Why Germany Won’t Save Deutsche Bank (But Might Have To)

Post-Lehman Brothers, many European officials believe that a bailout is the lesser of two evils.

This article was written by Lucas Hell, a student at the Frankfurt School of Finance & Management. He has worked in development finance and asset management and is currently working in restructuring. His interests concern fintech, environmental finance and microfinance.

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Lucas Hell

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Rumors

Last week saw rumors that Deutsche Bank might need a state bailout after the DOJ’s threat of a $14 billion penalty.

The allegations over residential mortgage-backed securities (RMBS) date back as far as 2005. The fine however was seen by many political analysts as a first step in more intricate negotiations to follow. Deutsche Bank is likely to see its prospective payment reduced in the end.

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For the DOJ , it was important to show its tough stance at the beginning of the negotiations, as Deutsche Bank’s case is one of the first cases of a European bank over RMBS. Barclays and Credit Suisse, among others, are to follow.

Nevertheless, with its stock price falling to €10 per share at the end of September, investors started to become wary of whether Deutsche Bank would be strong enough to cope with the financial burden of future litigation. Deutsche Bank’s market cap is around $19 billion and it has laid back $5.5 billion in provisions for legal settlements.

Bailout

Last week, German press speculated about a state bailout which was immediately denied by government officials. However, as several newspapers reported, employees at the German Finance Ministry are working on an emergency plan in case Deutsche Bank runs out of money.

The harsh and instant denials of these plans show the nervousness of the German government. Chancellor Merkel faces a dilemma in foreign as well as interior policy. In the EU Merkel has spoken out several times against a bailout of Italian banks which are still sitting on bad loans amounting to €360 billion.

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Her harsh stance in this matter has not only brought her strong criticism from Italian premier Matteo Renzi but also from the French president Francois Hollande. A state bailout of Deutsche Bank now might be seen as hypocrisy and weakness. The consequence would definitely be a strengthening of the Southern European bloc and bank bailouts in further states. For Chancellor Merkel this is equal to opening Pandora’s box and further derailing the stability of the eurozone.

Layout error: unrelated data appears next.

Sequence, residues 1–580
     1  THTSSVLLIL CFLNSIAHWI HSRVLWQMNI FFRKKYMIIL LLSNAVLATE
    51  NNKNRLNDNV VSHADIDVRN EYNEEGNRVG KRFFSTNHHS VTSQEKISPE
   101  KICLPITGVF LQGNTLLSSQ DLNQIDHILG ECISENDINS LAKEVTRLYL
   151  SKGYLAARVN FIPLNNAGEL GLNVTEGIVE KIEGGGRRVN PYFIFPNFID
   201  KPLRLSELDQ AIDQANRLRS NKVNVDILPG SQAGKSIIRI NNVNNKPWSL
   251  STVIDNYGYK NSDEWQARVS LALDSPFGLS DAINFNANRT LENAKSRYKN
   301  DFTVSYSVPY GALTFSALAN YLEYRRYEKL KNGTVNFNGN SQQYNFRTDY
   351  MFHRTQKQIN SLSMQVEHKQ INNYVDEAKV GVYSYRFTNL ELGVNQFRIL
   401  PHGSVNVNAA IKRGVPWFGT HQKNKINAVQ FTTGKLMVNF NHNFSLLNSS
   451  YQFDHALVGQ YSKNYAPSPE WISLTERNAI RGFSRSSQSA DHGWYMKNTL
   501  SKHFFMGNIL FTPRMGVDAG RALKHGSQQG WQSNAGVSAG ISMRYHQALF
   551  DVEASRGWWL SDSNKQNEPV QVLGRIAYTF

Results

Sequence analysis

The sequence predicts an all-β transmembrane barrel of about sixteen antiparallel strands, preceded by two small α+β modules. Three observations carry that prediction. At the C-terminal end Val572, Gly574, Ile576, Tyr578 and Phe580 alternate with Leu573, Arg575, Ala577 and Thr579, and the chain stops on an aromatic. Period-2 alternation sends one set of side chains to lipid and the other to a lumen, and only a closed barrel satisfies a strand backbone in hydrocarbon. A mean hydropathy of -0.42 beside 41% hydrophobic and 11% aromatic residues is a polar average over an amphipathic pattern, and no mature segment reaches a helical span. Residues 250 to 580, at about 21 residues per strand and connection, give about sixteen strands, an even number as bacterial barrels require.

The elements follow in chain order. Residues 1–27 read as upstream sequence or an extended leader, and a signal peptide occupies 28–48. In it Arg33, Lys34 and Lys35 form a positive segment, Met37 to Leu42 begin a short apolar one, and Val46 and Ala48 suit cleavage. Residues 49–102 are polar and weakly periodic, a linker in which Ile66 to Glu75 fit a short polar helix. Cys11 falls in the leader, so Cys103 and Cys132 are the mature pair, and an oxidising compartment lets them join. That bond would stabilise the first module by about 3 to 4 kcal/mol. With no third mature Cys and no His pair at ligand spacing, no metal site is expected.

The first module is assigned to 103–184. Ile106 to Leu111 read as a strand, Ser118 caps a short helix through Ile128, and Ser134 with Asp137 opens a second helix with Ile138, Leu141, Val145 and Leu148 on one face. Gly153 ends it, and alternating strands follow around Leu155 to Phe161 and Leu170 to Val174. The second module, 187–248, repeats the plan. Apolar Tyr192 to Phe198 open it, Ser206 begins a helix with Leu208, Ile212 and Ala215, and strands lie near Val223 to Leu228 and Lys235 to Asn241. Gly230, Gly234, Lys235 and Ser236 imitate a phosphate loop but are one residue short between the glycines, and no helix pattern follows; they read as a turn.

Political Climate

Apart from the problems a Deutsche Bank bailout poses regarding foreign policy, one should not underestimate the domestic political climate.

As in the whole Western world, German voter sentiment regarding banks has become increasingly hostile since the financial crisis. In 2009, Germany’s second largest private bank, Commerzbank, was partly nationalized and up to today the state has not sold all of its shares. Additionally, several federal states had to step in with taxpayer money to save federal state banks which would have otherwise collapsed.

A bailout of Deutsche Bank would definitely cause uproar among Merkel`s traditional CDU voters. In 2017 Germany will hold elections for the Bundestag and although Merkel has not officially declared whether she will run again, it is widely expected. Therefore she would under no circumstance want to give the impression that she is frivolously wasting taxpayers’ money for saving ‘greedy bankers’.

In the recent federal elections this year, the far-right anti-immigrant party AFD (Alternative for Germany) was able to score highly, thanks to a great degree to disappointed Merkel voters and nonvoters. Merkel`s CDU is thus under enormous pressure from the right.

Lehman Brothers

To come back to the headline, despite pressure from the national and international level, there might be under certain circumstance no other recourse for Germany than to bail out Deutsche Bank. The bank still has the biggest derivative exposure in the world, with around $47 trillion, and one would not want to imagine the effects on the financial markets if Deutsche goes down uncontrolled.

The experience with Lehman Brothers (which had a tiny derivative exposure compared to Deutsche Bank) has led many officials in Europe to believe that a bank bailout is the lesser evil, and pressure on Germany to bail out Deutsche Bank will substantially increase once the market has lost confidence.

The IMF in its latest summit branded Deutsche Bank as one of the biggest threats to the global economy. No matter how desperately the German government tries to give credible assurance that it does not consider any government intervention, in the end it will have to if Deutsche Bank cannot manage its problems on its own.

Nonetheless, it is clear that a potential government step-in will not only have consequences for Germany, but also be a blueprint for the newly created institutions in Europe for banking supervision following the financial crisis.

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